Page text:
Israeli nonprofit Beit Issie Shapiro and hands-free tech developer Sesame Enable are working to change that, developing smartphones that motor-impaired users can operate with head movements rather than voice or touch commands.
The technology is being developed to meet the needs of people with impairments that limit their ability to move, such as spinal cord injuries, severe arthritis and multiple sclerosis.
The organizations received a $1 million grant from Google.org, the charitable arm of Google — an Internet search engine company. The grant is part of Google’s Impact Challenge program, a pledged initiative by the company to issue $20 million in funds to 29 nonprofits developing accessible technology for people with disabilities.
Accessibility was a featured topic during the Google I/O conference May 18-20. Sesame Enable demonstrated its technology during the event. Google’s Android N operating system for Android devices will be equipped with the Sesame Enable app that will allow users with motor impairments to interact with the screen using body-movement features such as face and eye tracking.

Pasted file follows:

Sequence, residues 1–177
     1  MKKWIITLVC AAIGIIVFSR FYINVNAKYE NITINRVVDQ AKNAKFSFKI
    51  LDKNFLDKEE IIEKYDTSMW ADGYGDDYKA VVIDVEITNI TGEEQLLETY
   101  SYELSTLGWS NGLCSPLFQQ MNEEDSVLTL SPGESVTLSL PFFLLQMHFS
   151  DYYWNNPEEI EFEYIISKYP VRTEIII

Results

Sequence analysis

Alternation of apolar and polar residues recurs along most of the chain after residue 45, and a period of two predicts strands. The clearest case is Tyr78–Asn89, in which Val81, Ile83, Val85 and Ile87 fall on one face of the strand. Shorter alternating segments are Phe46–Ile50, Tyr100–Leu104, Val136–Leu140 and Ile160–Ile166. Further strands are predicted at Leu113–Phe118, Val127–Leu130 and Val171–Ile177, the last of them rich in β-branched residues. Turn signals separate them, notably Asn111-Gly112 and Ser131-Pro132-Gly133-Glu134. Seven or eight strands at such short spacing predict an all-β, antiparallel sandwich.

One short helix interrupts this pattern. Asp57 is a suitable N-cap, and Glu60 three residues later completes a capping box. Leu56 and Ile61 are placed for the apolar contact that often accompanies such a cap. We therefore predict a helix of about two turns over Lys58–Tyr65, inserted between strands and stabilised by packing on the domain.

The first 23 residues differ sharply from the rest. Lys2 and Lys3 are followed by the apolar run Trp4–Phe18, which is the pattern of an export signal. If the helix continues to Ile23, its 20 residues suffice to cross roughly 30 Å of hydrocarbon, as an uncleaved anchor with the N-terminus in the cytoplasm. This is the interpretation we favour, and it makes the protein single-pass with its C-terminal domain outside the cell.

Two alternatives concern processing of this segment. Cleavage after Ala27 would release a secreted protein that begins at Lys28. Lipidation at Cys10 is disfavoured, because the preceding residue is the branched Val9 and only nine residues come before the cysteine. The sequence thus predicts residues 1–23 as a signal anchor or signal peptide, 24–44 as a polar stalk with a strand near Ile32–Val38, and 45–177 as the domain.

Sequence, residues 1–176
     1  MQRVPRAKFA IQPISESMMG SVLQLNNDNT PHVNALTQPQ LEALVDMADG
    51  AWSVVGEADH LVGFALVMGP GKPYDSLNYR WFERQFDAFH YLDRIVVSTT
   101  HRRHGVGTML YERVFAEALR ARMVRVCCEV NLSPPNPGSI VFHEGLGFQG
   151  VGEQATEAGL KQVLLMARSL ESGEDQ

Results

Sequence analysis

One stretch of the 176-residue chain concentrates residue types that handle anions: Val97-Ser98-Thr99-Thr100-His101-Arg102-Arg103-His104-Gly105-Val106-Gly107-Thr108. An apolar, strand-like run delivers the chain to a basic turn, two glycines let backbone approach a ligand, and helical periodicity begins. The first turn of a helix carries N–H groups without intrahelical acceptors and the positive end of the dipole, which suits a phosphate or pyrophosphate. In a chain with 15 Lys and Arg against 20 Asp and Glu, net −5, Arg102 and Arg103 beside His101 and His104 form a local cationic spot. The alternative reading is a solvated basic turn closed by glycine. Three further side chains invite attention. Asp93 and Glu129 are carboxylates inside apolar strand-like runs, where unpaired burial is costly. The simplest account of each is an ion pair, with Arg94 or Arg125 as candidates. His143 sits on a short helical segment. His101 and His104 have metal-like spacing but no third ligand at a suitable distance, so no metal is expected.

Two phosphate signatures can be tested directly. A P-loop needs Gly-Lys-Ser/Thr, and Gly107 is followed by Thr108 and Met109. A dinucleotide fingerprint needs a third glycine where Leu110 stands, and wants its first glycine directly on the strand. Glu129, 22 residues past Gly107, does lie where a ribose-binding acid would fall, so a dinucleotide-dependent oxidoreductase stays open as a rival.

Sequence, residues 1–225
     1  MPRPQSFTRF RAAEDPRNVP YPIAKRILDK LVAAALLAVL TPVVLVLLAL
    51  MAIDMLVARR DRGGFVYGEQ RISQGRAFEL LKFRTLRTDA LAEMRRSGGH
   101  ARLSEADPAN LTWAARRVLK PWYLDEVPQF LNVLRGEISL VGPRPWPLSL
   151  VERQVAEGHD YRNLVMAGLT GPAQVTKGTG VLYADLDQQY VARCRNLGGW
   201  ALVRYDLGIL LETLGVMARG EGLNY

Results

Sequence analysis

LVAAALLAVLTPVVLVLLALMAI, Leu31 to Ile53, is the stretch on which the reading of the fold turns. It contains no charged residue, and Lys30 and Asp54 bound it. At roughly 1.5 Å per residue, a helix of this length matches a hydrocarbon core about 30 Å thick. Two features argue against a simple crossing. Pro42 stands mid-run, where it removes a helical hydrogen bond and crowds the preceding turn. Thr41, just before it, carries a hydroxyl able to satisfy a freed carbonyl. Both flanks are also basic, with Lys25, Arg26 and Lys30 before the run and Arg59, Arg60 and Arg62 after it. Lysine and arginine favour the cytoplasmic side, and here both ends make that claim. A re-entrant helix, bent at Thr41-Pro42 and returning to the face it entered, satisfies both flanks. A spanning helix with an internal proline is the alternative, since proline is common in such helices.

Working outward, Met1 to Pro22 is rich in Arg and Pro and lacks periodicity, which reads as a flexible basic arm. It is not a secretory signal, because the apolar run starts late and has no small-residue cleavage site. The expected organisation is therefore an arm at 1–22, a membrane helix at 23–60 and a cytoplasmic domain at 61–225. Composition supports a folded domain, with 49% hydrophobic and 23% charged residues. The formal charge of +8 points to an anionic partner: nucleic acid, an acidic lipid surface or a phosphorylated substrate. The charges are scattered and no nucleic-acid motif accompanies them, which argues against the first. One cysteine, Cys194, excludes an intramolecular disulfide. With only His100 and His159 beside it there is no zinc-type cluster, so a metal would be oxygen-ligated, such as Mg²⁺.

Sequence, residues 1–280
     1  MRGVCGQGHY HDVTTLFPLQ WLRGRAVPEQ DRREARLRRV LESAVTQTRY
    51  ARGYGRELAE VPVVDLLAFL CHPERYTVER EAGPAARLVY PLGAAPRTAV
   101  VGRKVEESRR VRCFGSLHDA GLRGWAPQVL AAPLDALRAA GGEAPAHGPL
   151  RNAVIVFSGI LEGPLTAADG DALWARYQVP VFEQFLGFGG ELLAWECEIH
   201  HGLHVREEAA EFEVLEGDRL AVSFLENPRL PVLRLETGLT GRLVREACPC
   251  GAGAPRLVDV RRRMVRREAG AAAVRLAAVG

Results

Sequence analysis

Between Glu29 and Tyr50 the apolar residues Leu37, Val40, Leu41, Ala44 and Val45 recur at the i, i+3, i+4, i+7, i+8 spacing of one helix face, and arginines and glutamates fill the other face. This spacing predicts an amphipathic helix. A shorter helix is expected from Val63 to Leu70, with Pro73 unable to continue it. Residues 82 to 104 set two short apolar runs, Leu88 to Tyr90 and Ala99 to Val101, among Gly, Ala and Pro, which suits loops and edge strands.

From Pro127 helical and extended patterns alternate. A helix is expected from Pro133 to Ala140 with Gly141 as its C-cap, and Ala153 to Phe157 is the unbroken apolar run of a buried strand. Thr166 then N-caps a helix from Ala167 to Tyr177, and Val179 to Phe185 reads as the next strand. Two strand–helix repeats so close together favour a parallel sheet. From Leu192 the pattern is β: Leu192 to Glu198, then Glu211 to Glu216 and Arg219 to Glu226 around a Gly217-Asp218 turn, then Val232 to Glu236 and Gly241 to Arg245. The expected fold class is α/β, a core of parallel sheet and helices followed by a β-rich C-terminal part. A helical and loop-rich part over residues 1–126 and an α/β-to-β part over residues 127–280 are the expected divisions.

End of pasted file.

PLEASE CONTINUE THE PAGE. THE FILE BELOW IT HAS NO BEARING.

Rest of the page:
Google recently announced several other initiatives aimed at accessibility. These include Accessibility Scanner, a tool for Android that allows developers to test their own apps and receive suggestions for ways to enhance accessibility as well as changes to Google Docs that empower users to edit documents using voice commands.
Onix is also committed to accessibility, helping organizations create accessible web content. Its product Equidox converts PDF to HTML that conforms to the WCAG 2.0 AA standards. Over time the company will also make its main website more accessible implementing relevant portions of WCAG 2.0 AA. Onix’s current accessible website for the Equidox product can be found here.